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576 results, from 511
Monographien

Women in Management, Academia, and Other Professions: Stagnation or Progress?

München [u.a.]: Hampp, 2006, 213 S.
(Management Revue : The International Review of Management Studies / Special Issue ; Vol. 17, Iss. 2, 2006)
| Marianne A. Ferber, Elke Holst, Wenzel Matiaske (Eds.)
Externe referierte Aufsätze

Introduction : The Changing Status of Women

In: Management Revue 17 (2006), 2, S. 99-103 | Marianne A. Ferber, Elke Holst, Wenzel Matiaske
Externe referierte Aufsätze

Women in Managerial Positions in Europe: Focus on Germany

In: Management Revue 17 (2006), 2, S. 122-142 | Elke Holst
Monographien

Labor Supply and Child Care Choices in a Rationed Child Care Market

Bonn: IZA, 2006, 29 S.
(Discussion Paper Series / Forschungsinstitut zur Zukunft der Arbeit ; 2053)
| Katharina Wrohlich
Diskussionspapiere 557 / 2006

Women in Managerial Positions in Europe: Focus on Germany

Prejudices and stereotypical beliefs about the role of women in society often limit their chances of reaching top leadership positions. This paper presents a detailed analysis of the socioeconomic structure and the gender pay gap in managerial positions in Germany building on a review from a cross-national perspective of women's progress to high-ranking positions and of initiatives to overcome the ...

2006| Elke Holst
Weekly Report 27 / 2005

Management Staff by International Comparison: Most of the Women on Supervisory Boards in Germany are Works Council Representatives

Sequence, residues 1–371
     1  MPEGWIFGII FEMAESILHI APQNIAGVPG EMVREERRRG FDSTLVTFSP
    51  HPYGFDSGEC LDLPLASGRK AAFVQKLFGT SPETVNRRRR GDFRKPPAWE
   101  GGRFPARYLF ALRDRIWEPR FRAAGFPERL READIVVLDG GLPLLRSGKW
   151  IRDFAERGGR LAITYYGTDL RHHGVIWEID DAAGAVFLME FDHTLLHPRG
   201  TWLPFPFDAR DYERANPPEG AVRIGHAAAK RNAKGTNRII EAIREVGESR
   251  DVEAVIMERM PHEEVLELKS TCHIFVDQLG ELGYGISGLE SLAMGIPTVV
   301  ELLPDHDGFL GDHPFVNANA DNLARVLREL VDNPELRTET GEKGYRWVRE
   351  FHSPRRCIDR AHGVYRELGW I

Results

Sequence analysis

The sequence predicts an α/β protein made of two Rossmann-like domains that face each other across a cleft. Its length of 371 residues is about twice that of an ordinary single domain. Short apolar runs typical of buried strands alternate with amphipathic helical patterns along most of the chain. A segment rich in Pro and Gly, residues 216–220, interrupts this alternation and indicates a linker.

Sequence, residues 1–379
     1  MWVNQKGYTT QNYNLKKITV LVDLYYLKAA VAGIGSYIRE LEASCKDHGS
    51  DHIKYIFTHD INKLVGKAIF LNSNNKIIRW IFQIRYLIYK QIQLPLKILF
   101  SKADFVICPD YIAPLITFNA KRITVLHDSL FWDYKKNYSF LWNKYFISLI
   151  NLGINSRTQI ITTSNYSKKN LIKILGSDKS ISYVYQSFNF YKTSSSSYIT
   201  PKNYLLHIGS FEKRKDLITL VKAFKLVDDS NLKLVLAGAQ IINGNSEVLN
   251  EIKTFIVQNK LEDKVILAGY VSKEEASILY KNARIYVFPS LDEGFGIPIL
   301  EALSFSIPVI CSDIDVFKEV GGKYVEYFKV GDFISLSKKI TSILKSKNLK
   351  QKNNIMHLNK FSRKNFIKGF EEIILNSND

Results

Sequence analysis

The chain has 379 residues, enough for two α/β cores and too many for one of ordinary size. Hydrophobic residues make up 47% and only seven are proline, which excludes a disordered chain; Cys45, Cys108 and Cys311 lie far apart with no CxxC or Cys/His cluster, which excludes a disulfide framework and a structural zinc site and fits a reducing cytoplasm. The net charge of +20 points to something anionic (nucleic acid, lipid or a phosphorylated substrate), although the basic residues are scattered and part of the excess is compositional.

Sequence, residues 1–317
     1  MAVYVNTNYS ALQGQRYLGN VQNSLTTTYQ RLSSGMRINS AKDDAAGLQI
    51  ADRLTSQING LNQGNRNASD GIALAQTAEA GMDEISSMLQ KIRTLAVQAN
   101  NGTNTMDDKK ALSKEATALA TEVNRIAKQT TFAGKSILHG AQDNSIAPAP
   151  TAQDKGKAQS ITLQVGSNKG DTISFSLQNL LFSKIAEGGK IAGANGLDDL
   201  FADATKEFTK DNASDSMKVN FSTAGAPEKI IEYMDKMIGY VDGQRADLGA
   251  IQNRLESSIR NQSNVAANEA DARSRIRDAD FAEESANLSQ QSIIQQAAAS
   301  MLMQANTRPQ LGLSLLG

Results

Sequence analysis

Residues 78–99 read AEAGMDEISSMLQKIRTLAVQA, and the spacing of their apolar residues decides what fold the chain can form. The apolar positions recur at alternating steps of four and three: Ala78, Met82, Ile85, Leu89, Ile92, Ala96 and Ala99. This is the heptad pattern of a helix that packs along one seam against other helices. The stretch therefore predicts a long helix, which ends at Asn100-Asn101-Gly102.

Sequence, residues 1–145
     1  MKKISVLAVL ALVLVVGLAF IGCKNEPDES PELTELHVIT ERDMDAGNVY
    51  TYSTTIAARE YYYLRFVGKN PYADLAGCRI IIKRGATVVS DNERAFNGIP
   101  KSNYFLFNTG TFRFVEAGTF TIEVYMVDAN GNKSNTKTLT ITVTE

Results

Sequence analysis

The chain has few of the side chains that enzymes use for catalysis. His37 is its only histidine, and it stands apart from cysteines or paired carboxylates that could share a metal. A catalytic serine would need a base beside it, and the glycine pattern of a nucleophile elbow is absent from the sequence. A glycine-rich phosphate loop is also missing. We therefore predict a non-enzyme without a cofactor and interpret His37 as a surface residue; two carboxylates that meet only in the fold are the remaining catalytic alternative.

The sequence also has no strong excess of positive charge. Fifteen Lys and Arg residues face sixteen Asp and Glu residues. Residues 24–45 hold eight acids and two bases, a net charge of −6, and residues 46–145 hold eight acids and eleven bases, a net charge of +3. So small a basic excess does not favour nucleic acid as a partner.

In June 2004 only about one tenth of all the seats on the boards of the 200 biggest companies worldwide were held by women. In 22 of these companies women held at least 25% of the seats on the board. Three of the companies were German. Here the percentage is made up entirely of women who represent the workforce. In 72 of the 100 biggest companies in Germany at least one member of the supervisory board ...

2005| Elke Holst
Weekly Report 4 / 2005

Women Managers: Enormous Deficit in Large Companies and Employer's Associations

Across Europe, there are much fewer women than men employed in executive positions. On European average, only 10% of the members of the highest decision-making bodies in the top 50 publicly quoted companies are women. However, the situation varies substantially from country to country. The European countries with the highest shares of women managers are Slovenia and Latvia, at 22% each, while the country ...

2005| Elke Holst
Monographien

Ganztagsschulen und Erwerbsbeteiligung von Müttern: eine Mikrosimulationsstudie für Deutschland

Mannheim: Zentrum für Europäische Wirtschaftsforschung GmbH, 2005, 29 S.
(Discussion Paper / Zentrum für Europäische Wirtschaftsforschung ; 05-93)
| Miriam Beblo, Charlotte Lauer, Katharina Wrohlich
Diskussionspapiere 544 / 2005

Economic Relations between Women and Their Partners: An East-West-German Comparison after Reunification

A comparison of women's and men's economic relations in the former East and West Germany (in this paper henceforth referred to as East and West Germany) in the years following reunification in 1990 is used to exemplify the differential impact of varying opportunity structures on the extent of and change in women's relative contribution to family income. East Germany represents a special case among ...

2005| Heike Trappe, Annemette Sørensen
Diskussionspapiere 537 / 2005

Gender-Job Satisfaction Differences across Europe: An Indicator for Labor Market Modernization

In 14 member states of the European Union, women's relative to men's levels of job satisfaction are compared by using data of the European Household Community Panel. The countries under consideration can be assigned to three different groups. Denmark, Finland and the Netherlands do not show significant gender-job satisfaction differences. In contrast, in Portugal men are more satisfied with their jobs ...

2005| Lutz C. Kaiser
576 results, from 511
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